This website is for qualified health professionals. Please ensure you have read the Website Terms of Use.

Airway Clearance Therapy

Principles of Airway Clearance

Airway structure

You can think of your airways like a tree that is upside-down. The trunk of the tree is your trachea (or windpipe) which then divides into  your right main bronchus, which branches off into the airways of the right lung and the left main bronchus, which branches off into the airways of the left lung. The airways continue to branch off, getting smaller and smaller until they reach the alveoli (or air sacs) that fill up with air and allow the transfer of oxygen to the blood stream.

Airway obstruction

In the lungs, because the airway surface liquid layer is dehydrated, there is less of it, there can be a build up of mucus in the airways, it can’t move as easily, and bacteria from the air can get caught. This can cause inflammation (swelling) and tightness in the airways. As a result, air cannot move through the lungs as freely. Air movement is very important to help remove mucus from the lungs; with less air movement you can get more build-up of mucus which can lead to repeated infection which causes even more inflammation and airway damage over time. It is a vicious cycle.

Airway clearance helps to move the mucus up the airways towards the mouth where it can be cleared out of the lungs. Airway clearance can still be very effective in keeping your airways healthy even if you don’t produce a large volume of mucus when performing the techniques. Think of airway clearance like cleaning your teeth. When you clean your teeth every morning and night you don’t see large pieces of plaque fall into the sink.  If you didn’t regularly clean your teeth then when you go to the dentist they may have to remove large pieces of plaque build up and your teeth may have been damaged permanently from the bacteria in this plaque. The same may occur in your airways, you need to regularly brush (or move air through all the little corners, crevices and airways) to stop the bacteria from creating an infection and causing damage to your lungs.

It is good if you can learn to become comfortable coughing out mucus so it can be tested for what bugs (bacteria) are growing. This helps doctors choose the best treatments for you, and will also help to keep you, and your team, informed for infection control reasons. Your mucus, or sputum as some people may call it, can also be used to monitor your lung health. The colour, texture or thickness and amount of your mucus, may help you understand what may be happening in your airways.

 

Understanding air movement in your airways

 Coughing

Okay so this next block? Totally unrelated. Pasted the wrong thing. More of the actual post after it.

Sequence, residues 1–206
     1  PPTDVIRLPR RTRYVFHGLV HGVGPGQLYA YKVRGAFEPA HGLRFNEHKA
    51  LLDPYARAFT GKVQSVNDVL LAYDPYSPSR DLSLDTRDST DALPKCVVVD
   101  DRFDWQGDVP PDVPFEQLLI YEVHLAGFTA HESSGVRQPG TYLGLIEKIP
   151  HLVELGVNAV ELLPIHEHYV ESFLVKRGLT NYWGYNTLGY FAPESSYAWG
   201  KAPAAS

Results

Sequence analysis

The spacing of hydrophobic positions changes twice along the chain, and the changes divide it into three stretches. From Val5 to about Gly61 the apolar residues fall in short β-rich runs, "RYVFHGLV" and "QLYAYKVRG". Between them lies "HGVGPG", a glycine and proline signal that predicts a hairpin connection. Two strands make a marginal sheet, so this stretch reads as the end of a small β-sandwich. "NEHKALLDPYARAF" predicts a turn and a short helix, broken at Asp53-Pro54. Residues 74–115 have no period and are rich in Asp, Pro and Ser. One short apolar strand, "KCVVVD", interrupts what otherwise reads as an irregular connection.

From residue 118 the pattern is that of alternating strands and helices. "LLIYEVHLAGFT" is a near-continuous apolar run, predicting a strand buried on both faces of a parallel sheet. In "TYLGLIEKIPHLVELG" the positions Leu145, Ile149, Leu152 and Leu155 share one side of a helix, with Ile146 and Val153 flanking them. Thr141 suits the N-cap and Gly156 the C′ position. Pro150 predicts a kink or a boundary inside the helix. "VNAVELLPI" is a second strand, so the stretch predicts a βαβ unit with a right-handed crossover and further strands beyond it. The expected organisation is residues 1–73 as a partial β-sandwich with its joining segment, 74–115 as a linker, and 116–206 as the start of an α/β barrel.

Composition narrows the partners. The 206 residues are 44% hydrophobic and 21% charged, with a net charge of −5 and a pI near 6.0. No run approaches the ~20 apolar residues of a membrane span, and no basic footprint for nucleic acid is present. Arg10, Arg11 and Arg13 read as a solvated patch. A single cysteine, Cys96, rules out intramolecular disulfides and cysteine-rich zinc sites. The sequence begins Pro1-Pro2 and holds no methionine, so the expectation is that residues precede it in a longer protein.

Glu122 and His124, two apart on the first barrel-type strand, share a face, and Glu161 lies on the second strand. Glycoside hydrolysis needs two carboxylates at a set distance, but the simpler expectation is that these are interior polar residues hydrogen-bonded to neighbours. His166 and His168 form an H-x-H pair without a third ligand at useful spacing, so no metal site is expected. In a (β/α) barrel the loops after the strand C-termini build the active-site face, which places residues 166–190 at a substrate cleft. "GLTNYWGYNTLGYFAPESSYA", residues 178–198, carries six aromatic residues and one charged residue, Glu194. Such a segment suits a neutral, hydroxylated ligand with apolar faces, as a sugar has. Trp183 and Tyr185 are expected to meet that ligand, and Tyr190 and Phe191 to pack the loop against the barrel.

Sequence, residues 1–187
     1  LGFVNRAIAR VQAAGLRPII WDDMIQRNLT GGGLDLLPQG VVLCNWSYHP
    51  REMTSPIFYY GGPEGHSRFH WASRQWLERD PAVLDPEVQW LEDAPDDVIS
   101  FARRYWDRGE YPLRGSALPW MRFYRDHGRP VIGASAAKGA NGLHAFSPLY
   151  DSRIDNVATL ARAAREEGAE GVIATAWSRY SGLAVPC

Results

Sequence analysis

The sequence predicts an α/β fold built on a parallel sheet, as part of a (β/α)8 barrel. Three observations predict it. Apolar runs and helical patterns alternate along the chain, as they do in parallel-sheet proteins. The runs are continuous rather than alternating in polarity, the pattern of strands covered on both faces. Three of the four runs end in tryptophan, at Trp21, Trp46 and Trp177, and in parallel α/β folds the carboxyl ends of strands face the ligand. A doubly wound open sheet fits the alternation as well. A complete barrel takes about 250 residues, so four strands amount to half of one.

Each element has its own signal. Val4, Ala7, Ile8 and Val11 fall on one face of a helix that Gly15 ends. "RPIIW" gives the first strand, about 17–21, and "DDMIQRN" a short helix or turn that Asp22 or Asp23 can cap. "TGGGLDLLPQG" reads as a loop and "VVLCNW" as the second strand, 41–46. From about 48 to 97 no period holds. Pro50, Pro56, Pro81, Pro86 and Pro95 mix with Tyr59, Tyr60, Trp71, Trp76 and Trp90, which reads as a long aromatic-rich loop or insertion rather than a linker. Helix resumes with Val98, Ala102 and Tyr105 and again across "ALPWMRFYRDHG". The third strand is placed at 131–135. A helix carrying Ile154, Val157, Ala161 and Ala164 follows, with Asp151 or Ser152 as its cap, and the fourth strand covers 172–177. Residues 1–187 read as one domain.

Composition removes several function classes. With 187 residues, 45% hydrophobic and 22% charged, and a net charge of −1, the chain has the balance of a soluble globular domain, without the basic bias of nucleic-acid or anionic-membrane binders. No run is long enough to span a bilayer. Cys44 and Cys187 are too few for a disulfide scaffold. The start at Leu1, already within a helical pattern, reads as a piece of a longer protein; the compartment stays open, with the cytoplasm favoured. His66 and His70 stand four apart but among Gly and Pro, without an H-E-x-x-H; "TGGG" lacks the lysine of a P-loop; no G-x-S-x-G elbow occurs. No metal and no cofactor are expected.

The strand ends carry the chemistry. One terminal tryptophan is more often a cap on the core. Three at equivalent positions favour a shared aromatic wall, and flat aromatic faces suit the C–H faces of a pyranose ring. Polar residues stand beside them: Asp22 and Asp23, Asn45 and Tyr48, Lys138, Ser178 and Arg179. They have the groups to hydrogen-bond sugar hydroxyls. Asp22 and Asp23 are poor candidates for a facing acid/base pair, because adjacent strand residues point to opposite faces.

When we cough our abdominal (tummy) muscles tighten and we close off our glottis (or throat) to create pressure in our lungs. Releasing this air then causes a forceful movement of the air outwards, a cough. This can move any secretions in the larger airways, the trachea and bronchi. Excessive coughing is tiring and can put a lot of pressure on the airways and over time may cause the airways to become floppy and damaged. A cough will not effectively clear the mucus from the smaller airways, so it is important you learn airway clearance techniques that will help move the mucus up to the larger airways so it can be cleared with the least amount of coughing. 

Airway clearance techniques can help by:

  • changing the way the air comes into the lungs
  • changing the way the air comes out of the lungs

Changing the way the air comes in

To move mucus sitting in the airways the first thing you need is air behind it. There are many techniques to help get air behind the mucus. Some simple techniques are listed below:

  • Taking a slow, deep breath. By breathing in slowly and purposefully, there is more time for air to make its way behind mucus.
  • Holding your breath for a few seconds once you have inhaled (breathed in) fully. The small alveoli (air sacs) in the lungs are connected to neighbouring alveoli by little bridges or channels. Holding your breath for 2-3 seconds allows air to travel through these connecting channels so it can find its way behind trapped mucus.

  • Breathing out against a resistance (eg. Positive expiratory pressure, PEP). When you breathe against a resistance you create a pressure back into your lungs towards your airways which helps to splint (hold) the airways open. With repeated breaths against a small amount of resistance the volume in the lungs is temporarily increased which means there is more air behind mucus. PEP devices include a resistor and are used to create this effect. The amount of resistance and pressure need to be reviewed and set by a physiotherapist. Be aware that more resistance is not necessarily better!

 Changing the way the air goes out

 To move mucus there needs to be enough airflow (movement of air) over the mucus to unstick it from off the walls of the airways and up towards the mouth. Care must be taken not to force the air out too hard as this can cause the airway to narrow and sometimes close. It can also cause early or uncontrolled coughing which doesn’t help with clearance of mucus from the smaller airways. Some techniques to assist with airflow out of the lungs include huffing (forced expiration techniques). You can learn more about this in the Forced Expiration Technique section .

 

slider3

Website Terms of Use

All content and media on the CFPhysio website is created and published online for information purposes only. Before viewing the content on the this website you should read the website terms of use and privacy policy. The content in this website is not intended to be a substitute for professional medical advice and should not be relied upon as medical advice. If you have any concerns about your health, or concerns are raised from information on this website, please contact your treating doctor, qualified health professional or local clinic.